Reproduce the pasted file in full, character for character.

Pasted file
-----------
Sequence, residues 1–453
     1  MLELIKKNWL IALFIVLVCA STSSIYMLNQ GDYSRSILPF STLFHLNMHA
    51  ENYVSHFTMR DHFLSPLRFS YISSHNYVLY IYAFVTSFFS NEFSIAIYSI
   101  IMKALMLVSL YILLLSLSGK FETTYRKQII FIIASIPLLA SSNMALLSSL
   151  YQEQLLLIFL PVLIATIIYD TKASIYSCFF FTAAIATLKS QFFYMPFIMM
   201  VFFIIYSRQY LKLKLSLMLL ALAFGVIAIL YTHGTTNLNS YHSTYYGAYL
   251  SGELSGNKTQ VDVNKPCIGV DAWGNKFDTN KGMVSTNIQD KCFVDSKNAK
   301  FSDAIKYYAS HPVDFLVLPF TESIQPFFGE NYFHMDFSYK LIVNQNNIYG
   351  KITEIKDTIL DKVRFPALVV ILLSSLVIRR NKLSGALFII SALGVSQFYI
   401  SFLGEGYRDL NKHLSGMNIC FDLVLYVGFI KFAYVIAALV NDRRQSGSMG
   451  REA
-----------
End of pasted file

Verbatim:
Sequence, residues 1–453
     1  MLELIKKNWL IALFIVLVCA STSSIYMLNQ GDYSRSILPF STLFHLNMHA
    51  ENYVSHFTMR DHFLSPLRFS YISSHNYVLY IYAFVTSFFS NEFSIAIYSI
   101  IMKALMLVSL YILLLSLSGK FETTYRKQII FIIASIPLLA SSNMALLSSL
   151  YQEQLLLIFL PVLIATIIYD TKASIYSCFF FTAAIATLKS QFFYMPFIMM
   201  VFFIIYSRQY LKLKLSLMLL ALAFGVIAIL YTHGTTNLNS YHSTYYGAYL
   251  SGELSGNKTQ VDVNKPCIGV DAWGNKFDTN KGMVSTNIQD KCFVDSKNAK
   301  FSDAIKYYAS HPVDFLVLPF TESIQPFFGE NYFHMDFSYK LIVNQNNIYG
   351  KITEIKDTIL DKVRFPALVV ILLSSLVIRR NKLSGALFII SALGVSQFYI
   401  SFLGEGYRDL NKHLSGMNIC FDLVLYVGFI KFAYVIAALV NDRRQSGSMG
   451  REA